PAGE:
The Credit Scoring Conundrum

Frank A. Pasquale, University of Maryland Francis King Carey School of Law

Document Type Working Paper


A bad credit score may cost a borrower tens of thousands of dollars, but it is not clear how it is calculated. The formula is a trade secret, immune from scrutiny. Lenders are moving beyond scoring to “credit analytics,” which tracks a consumer’s every transaction. Buy generic products instead of branded ones, and you may find your credit card’s interest rate rising and its limit falling.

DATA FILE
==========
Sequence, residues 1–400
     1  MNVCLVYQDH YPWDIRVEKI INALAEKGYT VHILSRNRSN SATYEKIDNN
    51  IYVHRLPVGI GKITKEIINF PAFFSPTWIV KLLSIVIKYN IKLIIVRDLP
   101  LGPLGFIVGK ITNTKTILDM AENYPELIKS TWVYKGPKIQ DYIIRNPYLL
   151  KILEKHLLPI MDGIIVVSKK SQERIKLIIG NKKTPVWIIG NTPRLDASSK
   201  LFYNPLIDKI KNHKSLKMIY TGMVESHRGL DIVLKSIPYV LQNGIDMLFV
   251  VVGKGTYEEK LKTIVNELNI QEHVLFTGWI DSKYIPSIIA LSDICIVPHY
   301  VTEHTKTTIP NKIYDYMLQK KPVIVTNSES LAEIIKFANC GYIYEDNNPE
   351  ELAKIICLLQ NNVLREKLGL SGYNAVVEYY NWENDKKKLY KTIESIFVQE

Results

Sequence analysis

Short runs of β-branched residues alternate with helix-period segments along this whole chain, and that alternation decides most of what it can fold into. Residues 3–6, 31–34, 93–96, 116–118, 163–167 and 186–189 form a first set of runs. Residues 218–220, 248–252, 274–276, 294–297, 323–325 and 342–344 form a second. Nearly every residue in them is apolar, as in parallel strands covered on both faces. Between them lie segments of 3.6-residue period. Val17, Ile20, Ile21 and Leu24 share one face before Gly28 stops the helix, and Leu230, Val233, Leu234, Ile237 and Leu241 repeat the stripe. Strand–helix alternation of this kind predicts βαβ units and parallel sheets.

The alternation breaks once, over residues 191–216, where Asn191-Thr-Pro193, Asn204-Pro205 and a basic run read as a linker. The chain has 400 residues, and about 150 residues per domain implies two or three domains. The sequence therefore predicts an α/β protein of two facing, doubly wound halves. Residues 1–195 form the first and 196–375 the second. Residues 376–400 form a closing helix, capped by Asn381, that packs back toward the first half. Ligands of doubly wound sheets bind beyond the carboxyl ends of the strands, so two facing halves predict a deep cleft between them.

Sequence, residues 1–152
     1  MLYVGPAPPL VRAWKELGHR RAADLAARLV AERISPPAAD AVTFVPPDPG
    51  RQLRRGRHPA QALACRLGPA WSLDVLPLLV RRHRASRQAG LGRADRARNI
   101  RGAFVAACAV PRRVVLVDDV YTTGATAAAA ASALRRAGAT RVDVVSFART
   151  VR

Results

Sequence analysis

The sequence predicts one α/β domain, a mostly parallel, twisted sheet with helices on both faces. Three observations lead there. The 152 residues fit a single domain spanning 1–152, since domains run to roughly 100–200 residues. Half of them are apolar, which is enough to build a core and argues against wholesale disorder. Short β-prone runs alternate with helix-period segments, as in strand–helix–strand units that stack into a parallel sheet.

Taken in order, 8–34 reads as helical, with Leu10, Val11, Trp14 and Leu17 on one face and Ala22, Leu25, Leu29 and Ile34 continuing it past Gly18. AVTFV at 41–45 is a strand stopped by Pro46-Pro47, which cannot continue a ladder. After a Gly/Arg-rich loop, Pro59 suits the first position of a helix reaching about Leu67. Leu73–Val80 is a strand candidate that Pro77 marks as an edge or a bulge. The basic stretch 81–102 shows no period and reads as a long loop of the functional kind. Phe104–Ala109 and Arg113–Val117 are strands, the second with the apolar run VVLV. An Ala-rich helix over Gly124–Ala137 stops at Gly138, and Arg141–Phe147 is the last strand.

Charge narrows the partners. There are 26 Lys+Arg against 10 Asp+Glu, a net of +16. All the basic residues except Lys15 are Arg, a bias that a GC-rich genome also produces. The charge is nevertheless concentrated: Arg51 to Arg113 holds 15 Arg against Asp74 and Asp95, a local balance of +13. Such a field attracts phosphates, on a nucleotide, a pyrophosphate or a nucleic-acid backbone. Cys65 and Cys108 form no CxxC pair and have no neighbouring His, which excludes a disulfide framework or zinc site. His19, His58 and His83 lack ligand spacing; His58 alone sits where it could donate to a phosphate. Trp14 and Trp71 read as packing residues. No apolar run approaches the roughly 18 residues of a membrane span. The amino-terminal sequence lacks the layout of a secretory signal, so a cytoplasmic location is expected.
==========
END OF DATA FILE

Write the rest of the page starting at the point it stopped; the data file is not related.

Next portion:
This essay critiques automation in the consumer-facing side of the finance industry. Reputation systems are creating new (and largely invisible) disadvantaged groups, disfavored due to error or unfairness. You may be one of those affected, labeled in a database as “unreliable,” “high medical cost,” “declining income,” or some other derogatory term. Since it is nearly impossible to find out exactly how one has been categorized by data brokers and other information collectors, those disadvantaged by secret, automated processes can’t even organize for better treatment. This essay documents their plight, and how current law fails to help. I propose new principles to guide the Consumer Financial Protection Bureau, the Federal Trade Commission, and other regulators as they address the growth of unaccountable financial data sources.